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Work in progress

16 Nov

There are new paintings in my studio but they are all still very unfinished. It’s been a long time since I’ve shown any images of my own work on this blog, so tonight I am posting a picture of one of my new paintings in progress… 

I am what is around me

17 Jul
Self Portrait, 2011, oil on board, 8 x 10 inches

“Theory”

I am what is around me.

Women understand this.
One is not duchess
A hundred yards from a carriage.

These, then are portraits:
A black vestibule;
A high bed sheltered by curtains.

These are merely instances.

–from my own tattered copy of Wallace Stevens, The Collected Poems, page 86

Vintage Books, New York, copyright 1982


Happy Birthday, Rembrandt!

15 Jul

July 15 is the birthday of the Dutch painter, Rembrandt van Rijn (1606-1669).

Click to animate.

More Portraits…

13 Jul

Tuomas, 2011, oil on panel, 5 x 7 inches

Tuomas (II), 2011, oil on panel, 9 x 12 inches

Going Green!

1 Jul

One of the very first posts on this blog had a picture of two paintings I was making based on the same composition from a Matisse painting. I went to Helsinki and the paintings stayed behind, unfinished.

Since I have been home, I’ve been working on these paintings again. Yesterday I glazed the entire surface of one of the paintings with Gamblin Permanent Green Light, making it nearly impossible to look at, much less photograph.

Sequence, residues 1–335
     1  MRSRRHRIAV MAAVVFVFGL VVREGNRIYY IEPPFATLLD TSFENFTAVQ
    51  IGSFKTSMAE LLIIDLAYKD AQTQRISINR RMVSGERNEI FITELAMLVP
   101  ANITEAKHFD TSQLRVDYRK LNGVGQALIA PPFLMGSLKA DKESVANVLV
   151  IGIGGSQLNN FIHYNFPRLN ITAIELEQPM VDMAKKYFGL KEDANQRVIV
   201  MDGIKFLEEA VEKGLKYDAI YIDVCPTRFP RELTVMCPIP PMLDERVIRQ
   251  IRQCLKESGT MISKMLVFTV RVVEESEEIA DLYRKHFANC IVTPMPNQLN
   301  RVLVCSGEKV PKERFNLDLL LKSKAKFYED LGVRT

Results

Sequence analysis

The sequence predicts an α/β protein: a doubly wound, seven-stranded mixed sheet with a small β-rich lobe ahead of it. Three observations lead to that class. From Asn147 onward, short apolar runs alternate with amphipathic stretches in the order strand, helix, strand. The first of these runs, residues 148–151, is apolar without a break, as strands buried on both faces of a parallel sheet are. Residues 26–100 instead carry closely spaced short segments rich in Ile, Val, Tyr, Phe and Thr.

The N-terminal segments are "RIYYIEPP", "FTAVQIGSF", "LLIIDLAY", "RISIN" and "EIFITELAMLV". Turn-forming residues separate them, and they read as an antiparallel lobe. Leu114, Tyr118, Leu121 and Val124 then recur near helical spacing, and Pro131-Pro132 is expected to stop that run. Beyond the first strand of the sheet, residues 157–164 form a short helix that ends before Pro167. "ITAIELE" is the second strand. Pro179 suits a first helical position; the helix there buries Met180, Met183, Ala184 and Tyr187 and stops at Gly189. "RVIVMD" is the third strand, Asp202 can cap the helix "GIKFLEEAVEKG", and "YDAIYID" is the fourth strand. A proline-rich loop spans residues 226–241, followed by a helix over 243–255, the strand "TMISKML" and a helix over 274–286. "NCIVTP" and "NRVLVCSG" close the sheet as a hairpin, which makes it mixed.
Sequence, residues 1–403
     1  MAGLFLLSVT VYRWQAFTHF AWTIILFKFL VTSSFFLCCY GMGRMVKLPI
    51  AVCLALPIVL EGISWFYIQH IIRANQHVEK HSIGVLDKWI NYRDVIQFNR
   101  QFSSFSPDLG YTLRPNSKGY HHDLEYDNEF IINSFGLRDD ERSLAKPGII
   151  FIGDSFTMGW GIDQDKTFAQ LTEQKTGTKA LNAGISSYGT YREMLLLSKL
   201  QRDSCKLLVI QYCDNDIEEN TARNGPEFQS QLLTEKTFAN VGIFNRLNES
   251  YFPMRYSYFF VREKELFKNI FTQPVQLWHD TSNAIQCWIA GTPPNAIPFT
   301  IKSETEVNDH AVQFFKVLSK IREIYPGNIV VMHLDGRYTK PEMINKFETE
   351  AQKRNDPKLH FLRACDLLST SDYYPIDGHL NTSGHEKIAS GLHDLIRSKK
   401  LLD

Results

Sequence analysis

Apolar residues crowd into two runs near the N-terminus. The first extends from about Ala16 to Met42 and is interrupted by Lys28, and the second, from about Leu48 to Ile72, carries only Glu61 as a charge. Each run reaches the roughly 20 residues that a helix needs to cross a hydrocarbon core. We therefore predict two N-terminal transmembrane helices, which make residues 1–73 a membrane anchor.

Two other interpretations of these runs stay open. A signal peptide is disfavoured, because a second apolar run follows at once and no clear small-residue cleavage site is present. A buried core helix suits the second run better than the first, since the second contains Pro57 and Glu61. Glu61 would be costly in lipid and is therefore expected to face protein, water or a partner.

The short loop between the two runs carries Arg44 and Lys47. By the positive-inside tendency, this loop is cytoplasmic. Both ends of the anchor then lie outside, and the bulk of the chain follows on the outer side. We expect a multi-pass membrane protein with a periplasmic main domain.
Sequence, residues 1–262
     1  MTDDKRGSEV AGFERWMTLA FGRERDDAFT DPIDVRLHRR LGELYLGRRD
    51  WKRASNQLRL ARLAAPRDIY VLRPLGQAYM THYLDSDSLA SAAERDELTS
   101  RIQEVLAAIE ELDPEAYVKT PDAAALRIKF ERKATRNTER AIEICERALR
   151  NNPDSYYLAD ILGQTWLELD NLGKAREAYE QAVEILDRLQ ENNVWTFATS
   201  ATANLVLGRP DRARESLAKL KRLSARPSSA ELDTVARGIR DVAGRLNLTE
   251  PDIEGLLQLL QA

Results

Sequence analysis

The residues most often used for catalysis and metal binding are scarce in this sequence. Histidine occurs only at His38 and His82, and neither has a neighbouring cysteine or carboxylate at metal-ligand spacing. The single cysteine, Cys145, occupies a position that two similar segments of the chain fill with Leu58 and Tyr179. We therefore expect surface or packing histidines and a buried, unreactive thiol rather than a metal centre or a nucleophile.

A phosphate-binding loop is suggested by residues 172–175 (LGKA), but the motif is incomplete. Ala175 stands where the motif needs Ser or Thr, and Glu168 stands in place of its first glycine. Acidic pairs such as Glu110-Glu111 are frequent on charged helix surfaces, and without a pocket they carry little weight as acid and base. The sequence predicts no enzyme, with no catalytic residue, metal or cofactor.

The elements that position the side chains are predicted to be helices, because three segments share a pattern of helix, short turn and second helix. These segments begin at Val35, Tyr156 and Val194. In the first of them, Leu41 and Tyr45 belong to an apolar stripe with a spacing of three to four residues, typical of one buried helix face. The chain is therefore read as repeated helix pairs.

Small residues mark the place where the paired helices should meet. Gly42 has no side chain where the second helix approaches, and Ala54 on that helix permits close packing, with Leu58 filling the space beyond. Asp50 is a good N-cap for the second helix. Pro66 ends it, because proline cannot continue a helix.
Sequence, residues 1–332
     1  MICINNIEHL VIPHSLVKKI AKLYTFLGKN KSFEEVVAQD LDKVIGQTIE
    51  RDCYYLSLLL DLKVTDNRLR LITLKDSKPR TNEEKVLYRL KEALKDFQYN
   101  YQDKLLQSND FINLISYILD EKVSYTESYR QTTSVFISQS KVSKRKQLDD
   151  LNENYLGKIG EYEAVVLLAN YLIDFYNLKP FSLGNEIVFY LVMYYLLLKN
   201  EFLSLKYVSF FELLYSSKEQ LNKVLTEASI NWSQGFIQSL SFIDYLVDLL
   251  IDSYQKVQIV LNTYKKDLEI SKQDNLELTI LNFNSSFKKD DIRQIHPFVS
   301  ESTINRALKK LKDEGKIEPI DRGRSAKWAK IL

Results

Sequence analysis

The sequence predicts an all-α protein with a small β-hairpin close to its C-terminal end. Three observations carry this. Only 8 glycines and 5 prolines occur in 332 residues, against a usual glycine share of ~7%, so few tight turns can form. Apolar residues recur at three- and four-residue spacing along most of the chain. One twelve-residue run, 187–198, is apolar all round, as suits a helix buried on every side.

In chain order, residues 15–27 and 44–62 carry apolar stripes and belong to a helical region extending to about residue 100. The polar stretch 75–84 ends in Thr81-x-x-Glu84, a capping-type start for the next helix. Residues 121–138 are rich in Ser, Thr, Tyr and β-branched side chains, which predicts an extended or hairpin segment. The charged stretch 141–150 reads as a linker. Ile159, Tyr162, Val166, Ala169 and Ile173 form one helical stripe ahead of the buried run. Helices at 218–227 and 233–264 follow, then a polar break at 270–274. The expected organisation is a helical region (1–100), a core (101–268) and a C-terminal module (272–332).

I’m not quite finished, but I am posting some in progress detail shots and one sorry photo of the entire painting as it stands today.

As a disclaimer to those that have never seen any of my work in person, sometimes there is so much detail in my work that images of the overall painting completely fall flat. The work feels and looks miles apart from these pictures!

The point of this post is to show how drastically one of my paintings can change over time. The first detail is from a few weeks ago for contrast.

And now:

And here is the painting in its entirety (with a heavy glare from the wet oil paint). The painting is monochromatic now and it is green. However, it is an array of varying shades of green that simply don’t register at all with my camera.

The other version of this composition has also become a monochrome. It is purple and the paint application is startlingly different. I will post some photos of the sister painting later.

Dolphins are the Hippies of the Ocean

28 Jun
Jessica, 2011, oil on panel, 7 x 5″

Yesterday I found an old scrap of paper with the heading, “Potential Painting Titles.” First on the list was the title of this post, Dolphins are the Hippies of the Ocean. There were lots of other gems, all poking fun at my innate proclivity for psychedelia. Clearly, I’m not fighting the urge right now.

I’m still working through a figurative phase. This little portrait is of my dear friend, fellow painter and the co-author of “Potential Painting Titles,” Jessica.

Hyvää juhannusta!

27 Jun
2011, gouache on paper, 15.75 x 11.75 inches

Pink-handed

18 Jun

Pink-handed, 2011, Mixed media on paper, 15.75 x 11.75 inches

House of the Future

17 Jun